Safety needs friends… (Part 1)

Safety needs friends… (Part 1)

4. March 2019

…it’s got enough enemies already!

This post is all about process safety, even though there are plenty of parallels that can be drawn to IT / OT security.

An everyday example

Cars today are far more than simply a means of transport on four wheels; they’re technically advanced systems with a growing number of safety and assistance functions. The infrastructures are well developed and safe to use. The training undergone by car drivers takes longer and is more expensive than ever before. It’s not enough just to put your foot on the gas pedal and occasionally slam the brakes – modern cars bear an increasing resemblance to mobile high-tech computers. Yet in spite of this, they often end up in the scrapyard ahead of time.

But what about the people and animals that continue to get accidentally run over by a car regardless of all the safety precautions? Giant billboards adorn the highways warning of the potentially fatal consequences should your attention wander for a minute: there are still an awful lot of casualties on the roads even though cars are safer than at any time in the past and predictive technology is all the rage.

Why do cars meet with an untimely death?

It’s because they have “enemies”. Their two main enemies are “wear” and “human error” (whether inadvertent or deliberate). In this context, they both result in the premature death of a car (and possibly its occupants).

Wear – enemy number one

Wear comes in many different guises: normal wear and tear, aging, abrasion, material fatigue.

These are all different words for the same problem: a deterioration in the performance of an existing system. Cars are made to be driven. If all they do is stand around doing nothing, time and weather conditions have an easy victim. Cars are not meant to stay put inside a garage and be admired by the owner for their elegant design; no, they want to be set in motion and looked after! No matter how thrilled you are at the sight of your beloved convertible – which is well on the way to becoming a modern classic – lubricants age and fail and materials corrode. Nothing lasts forever and one day your car will inevitably start falling to bits!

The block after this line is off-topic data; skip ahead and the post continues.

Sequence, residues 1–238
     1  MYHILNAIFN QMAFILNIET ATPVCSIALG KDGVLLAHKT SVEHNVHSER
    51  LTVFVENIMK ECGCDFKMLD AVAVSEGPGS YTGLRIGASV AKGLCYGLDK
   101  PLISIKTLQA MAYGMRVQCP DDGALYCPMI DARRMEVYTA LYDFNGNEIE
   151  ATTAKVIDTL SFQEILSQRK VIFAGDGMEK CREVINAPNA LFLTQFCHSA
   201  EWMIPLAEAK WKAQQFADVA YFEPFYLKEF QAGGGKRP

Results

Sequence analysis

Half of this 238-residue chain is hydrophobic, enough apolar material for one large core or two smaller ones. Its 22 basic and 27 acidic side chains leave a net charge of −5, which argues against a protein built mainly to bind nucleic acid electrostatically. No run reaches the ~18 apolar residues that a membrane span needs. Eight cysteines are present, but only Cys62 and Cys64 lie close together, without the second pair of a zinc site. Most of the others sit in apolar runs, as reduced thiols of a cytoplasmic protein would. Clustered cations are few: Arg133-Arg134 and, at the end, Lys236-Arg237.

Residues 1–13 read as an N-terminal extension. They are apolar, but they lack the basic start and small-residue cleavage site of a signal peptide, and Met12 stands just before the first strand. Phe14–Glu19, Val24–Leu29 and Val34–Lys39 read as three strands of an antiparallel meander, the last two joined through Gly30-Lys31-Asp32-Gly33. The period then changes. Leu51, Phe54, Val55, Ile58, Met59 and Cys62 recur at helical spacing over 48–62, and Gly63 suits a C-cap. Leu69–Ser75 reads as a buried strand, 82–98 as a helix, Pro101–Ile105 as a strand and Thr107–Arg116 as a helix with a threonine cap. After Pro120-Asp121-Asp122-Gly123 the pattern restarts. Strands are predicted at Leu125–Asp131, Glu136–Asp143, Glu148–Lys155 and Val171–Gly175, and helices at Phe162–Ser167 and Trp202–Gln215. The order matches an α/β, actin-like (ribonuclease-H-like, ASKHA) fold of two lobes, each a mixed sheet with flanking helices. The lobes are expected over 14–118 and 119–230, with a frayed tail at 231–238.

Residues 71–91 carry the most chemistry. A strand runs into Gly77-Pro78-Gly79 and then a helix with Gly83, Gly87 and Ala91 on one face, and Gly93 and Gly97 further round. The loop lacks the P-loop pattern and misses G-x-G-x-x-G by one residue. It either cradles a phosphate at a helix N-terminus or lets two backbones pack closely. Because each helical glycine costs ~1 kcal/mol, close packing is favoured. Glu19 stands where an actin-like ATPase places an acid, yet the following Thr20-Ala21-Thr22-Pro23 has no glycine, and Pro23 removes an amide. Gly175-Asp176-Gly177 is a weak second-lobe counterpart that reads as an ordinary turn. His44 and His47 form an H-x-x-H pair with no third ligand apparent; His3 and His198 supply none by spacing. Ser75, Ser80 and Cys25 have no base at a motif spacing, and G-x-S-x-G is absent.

On the other hand, as soon as you put it to use, it’s exposed to the adverse effects of traffic. Material abrasion, fluid and lubricant consumption et cetera. This is where one of our “friends” comes into play, namely maintenance.

The system (your car) has started to deteriorate owing to “wear”. It’s no longer in mint condition the way it was when you bought it. To restore it to the shape it was in originally, or at least as close to that shape as possible, and prevent even worse signs of “wear”, you decide to have it serviced (maintained).

It comes back to you with fresh fluids and lubricants, new gaskets and maybe also a software update. Apart from fixed interval servicing, for instance after you clock up a certain number of miles, many cars display the due date for the next service electronically on the instrument panel. Does that sound familiar to you? You’re just about to set off for a relaxing weekend in the country when your onboard computer butts in: “Coolant level too low” or “Service due”. These alerts often call for urgent action and could lead to imminent serious damage if disregarded. A cost-benefit analysis is always recommended here. Is it still worth having that “heap of scrap metal” serviced anymore? It’s something you need to keep an eye on. But whatever you decide to do …

“Condition monitoring” and “maintenance” are our “friends”!

Human error – enemy number two

Let’s now turn our attention to enemy number two: human error, improper use and sheer ignorance. The deterioration of the system (your car) is accelerated as a result and if you bypass the safety devices, for instance if you disable the ESC because you want to enjoy a more “sporty” feel, that system could soon prove to be deadly. It makes no difference whether you do this deliberately or inadvertently: the outcome is the same.

All those extra lessons, driver safety training courses and daily use evidently can’t prevent human error from wearing your car out faster or transforming it into a deadly system. And by the way, handling a car may be much easier than it used to be, but the manual has become as thick as a full-length novel in the meantime. After all, many of the useful features it describes are hidden somewhere deep down in the onboard computer.

Be that as it may, the manual and road traffic regulations as well as driving lessons and tests all serve to communicate the methods and procedures you must be familiar with in order to drive a car properly, economically and safely.

Unfortunately, there’s also the human factor. Methods and procedures may be vitally important, but they’re not enough on their own. Methods and procedures need to be monitored and practiced over and over again. If you want to restrict human error to a minimum, there’s no alternative. And you can probably never rule it out altogether.

“Methods” and “procedures”, and ways to “monitor” them, are our “friends”!

Safety in the process industry – friends & enemies?

Now imagine the process industry, and in particular safety systems. Is the above example transferable? What are the friends and enemies of my safety systems?

Stick with me for Part 2! Along with the friends and enemies of safety systems, I’ll also be taking a look at the design targets.

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